For the first time in over a decade, the American Academy of Pediatrics (AAP) released a report updating their autism treatment guidelines. The goal? To help primary care physicians identify children at-risk for developmental delay sooner, so they can get access to beneficial services. 

It’s estimated that more than five million Americans may be living with autism spectrum disorder. And while studies have shown that ASD can be accurately diagnosed as early as two years old, most children are still not getting the diagnosis until after the fourth year of life. 

The AAP wants to change that. 

“Through comprehensive screenings, we hope to identify problem areas and missed milestones before a child turns three,” said Paul H. Lipkin, author of the clinical report on developmental surveillance.

“With continued surveillance, early learning and attention problems often become more apparent by age 4 or 5. The earlier we can address these problems, the better.”

Early Diagnosis Matters

The report outlines the importance of identifying all children who could benefit from early intervention services, not just the children at risk for ASD. By illuminating the symptoms of ASD in children of all ages, the AAP urges primary care physicians to not only be able to identify children with developmental delay, but to refer patients to treatment services as soon as they notice a red flag, rather than waiting for a formal autism evaluation. 

“We know that the earlier we can start therapies for children who show signs of developmental delays, the better likelihood of positive outcomes,” said Susan L. Hyman, lead author of the autism report. “There is no reason to wait for a diagnosis of autism before starting some services, such as speech or behavioral therapies.”

Overall, the American Academy of Pediatrics recommends standardized screenings for ASD specifically be done at 18 and 24 months, and that all children should undergo developmental screenings at 9, 18, and 30 month check-ups. 

To provide accurate early identification and treatment, the AAP believes pediatricians should use screening tools that accurately identify ASD early, are cost-effective and timely, and prompt the implementation of evidence-based interventions. Furthermore, “clinicians should respond appropriately to family or clinical concerns and results of screening to avoid delays in diagnosis and treatment.”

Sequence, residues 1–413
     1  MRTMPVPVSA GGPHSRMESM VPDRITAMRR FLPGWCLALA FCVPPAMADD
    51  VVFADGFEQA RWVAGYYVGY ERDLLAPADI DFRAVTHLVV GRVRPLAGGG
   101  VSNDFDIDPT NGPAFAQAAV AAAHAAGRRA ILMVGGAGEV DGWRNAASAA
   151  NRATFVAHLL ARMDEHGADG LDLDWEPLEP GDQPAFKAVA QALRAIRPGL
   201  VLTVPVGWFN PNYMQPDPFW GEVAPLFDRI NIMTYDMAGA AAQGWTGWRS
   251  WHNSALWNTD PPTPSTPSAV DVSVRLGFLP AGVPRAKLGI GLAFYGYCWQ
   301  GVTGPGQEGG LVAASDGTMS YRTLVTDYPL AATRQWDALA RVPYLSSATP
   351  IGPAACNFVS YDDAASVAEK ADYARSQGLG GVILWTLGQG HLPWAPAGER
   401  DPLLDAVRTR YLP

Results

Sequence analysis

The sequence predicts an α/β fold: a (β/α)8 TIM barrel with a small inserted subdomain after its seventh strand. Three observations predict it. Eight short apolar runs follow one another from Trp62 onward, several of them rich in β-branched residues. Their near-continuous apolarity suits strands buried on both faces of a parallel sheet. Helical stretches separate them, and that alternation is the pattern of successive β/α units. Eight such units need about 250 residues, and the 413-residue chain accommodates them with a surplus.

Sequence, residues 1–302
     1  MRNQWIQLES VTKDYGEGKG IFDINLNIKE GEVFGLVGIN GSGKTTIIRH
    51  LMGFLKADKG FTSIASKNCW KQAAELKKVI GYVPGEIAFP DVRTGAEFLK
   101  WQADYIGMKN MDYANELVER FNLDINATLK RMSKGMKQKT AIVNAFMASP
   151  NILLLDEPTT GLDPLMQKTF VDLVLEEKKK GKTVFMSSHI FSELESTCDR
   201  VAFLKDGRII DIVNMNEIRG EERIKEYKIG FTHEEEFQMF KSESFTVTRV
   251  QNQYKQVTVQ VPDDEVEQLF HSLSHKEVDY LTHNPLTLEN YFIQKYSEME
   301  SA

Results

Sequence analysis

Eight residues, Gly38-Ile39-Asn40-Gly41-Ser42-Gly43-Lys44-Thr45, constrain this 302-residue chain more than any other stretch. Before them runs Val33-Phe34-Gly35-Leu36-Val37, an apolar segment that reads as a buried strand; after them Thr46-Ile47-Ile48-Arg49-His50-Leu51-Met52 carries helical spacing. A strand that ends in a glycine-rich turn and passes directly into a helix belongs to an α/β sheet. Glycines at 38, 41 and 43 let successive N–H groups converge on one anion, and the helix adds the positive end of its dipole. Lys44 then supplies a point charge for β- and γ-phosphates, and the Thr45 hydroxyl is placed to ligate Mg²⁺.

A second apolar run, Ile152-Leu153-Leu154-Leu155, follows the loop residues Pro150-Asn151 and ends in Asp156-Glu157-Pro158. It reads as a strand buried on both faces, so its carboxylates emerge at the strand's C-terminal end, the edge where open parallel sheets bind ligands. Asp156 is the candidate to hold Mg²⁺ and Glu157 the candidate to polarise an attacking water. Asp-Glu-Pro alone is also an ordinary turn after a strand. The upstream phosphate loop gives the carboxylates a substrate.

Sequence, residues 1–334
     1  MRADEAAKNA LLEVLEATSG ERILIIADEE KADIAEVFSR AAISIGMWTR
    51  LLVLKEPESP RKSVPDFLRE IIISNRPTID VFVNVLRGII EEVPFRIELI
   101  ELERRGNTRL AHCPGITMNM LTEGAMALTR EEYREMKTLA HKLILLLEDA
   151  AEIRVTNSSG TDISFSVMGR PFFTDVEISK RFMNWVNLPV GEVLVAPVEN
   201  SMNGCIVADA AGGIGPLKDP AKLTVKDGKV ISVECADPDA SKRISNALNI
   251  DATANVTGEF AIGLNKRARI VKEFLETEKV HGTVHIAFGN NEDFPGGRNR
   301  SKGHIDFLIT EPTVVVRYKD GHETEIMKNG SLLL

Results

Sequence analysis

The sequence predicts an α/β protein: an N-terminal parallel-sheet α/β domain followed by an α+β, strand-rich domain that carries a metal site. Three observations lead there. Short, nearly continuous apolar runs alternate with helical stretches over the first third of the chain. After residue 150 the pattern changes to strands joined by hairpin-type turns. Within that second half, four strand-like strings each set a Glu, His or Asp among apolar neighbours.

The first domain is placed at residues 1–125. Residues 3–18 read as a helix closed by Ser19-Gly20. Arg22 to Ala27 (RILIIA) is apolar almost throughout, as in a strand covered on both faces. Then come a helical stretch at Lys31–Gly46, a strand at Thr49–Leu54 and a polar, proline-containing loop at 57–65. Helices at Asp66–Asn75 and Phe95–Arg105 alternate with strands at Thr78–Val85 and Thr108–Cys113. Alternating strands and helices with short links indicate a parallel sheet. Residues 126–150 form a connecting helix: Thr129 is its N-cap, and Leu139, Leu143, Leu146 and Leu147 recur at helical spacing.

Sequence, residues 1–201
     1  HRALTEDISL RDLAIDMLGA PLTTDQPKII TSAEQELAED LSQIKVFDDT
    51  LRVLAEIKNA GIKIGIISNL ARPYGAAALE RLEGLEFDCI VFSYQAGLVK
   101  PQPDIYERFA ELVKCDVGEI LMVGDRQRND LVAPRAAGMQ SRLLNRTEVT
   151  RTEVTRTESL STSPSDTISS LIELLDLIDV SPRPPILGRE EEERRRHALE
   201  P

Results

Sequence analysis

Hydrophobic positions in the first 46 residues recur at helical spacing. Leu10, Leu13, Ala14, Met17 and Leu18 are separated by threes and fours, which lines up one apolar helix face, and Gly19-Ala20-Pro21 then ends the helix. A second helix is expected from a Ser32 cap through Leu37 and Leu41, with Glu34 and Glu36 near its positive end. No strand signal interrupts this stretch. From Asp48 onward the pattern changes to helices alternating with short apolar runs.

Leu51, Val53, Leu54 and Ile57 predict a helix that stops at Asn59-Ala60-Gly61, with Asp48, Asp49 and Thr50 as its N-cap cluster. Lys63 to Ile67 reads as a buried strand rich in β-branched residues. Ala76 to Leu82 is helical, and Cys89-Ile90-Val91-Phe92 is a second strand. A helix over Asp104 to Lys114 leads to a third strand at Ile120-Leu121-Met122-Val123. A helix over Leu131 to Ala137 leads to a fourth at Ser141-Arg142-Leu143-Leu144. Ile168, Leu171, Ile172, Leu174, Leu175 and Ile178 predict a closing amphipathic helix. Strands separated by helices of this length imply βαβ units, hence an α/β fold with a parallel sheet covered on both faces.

Early Diagnosis in all Cultures

The updated report also believes more accurate and culturally sensitive screening approaches are needed.  

Currently, there are disparities in both diagnosis of autism as well as access to services for minorities in the country. In 2017, a study published in the American Journal of Public Health found that Hispanic children were 65% less likely to be diagnosed with autism than white children, and that black children were 19% less likely. 

It is well accepted that early intervention services can significantly improve outcomes for children with ASD, yet children in minorities may be missing out on access to these services, due to later diagnosis. 

The report notes that “race, ethnicity, and socioeconomic status did not affect the accuracy of routine screening tests for ASD in low-risk toddlers, suggesting that screening with appropriate supports for follow-up care can lower the age at diagnosis in diverse populations. Language barriers, inaccurate translations, and low parental literacy may compromise use of parent-completed questionnaires. Limited understanding of cultural differences experienced by the patient’s family and lack of trust in the health care provider may further limit identification and reporting of symptoms of autism.

As a result, the AAP urges screening tools to be developed for populations whose primary language is not English, and are sensitive to cultural barriers that could affect the reporting of symptoms of ASD. 

Early Diagnosis Can Cost Less 

One of the benefits of earlier diagnosis could be fewer expenses in the long-term. 

The AAP report points out the significant financial toll ASD can have on a family. The cost alone of education, health, and other service needs for people with autism can range from $1.4 to $2.5 million dollars throughout an individual’s lifetime. Other figures say children with ASD have average medical costs that exceed children without ASD by $4,100 – $6,200 a year. 

However, research has shown that children who undergo early intervention programs before four years of age may end up saving a substantial amount in the long run. In one study conducted by Penn State College of Medicine researchers, families who participated in the Early Start Denver Model ended up saving roughly $19,000 per child a year later in life. 

Autism spectrum disorder is diagnosed more commonly than ever, with 1 in 54 children being diagnosed with the developmental disorder. As a result, the AAP concludes that “individuals with ASD and their families constitute an area of critical need for resources, research, and professional education.”

Early Diagnosis Means Early Intervention

At Quadrant Biosciences, we believe in the importance of early diagnosis for ASD.

Our autism saliva test, Clarifi ASD, is designed to provide a probability of an autism diagnosis based on epigenetic biomarkers in the saliva for children as young as 18 months old. 

Clarifi ASD is peer-reviewed and clinically validated. It is available by prescription only and must be ordered and administered by a health care provider. If you’re interested in getting the Clarifi autism test, please visit our website for instructions on how to order and offer the test.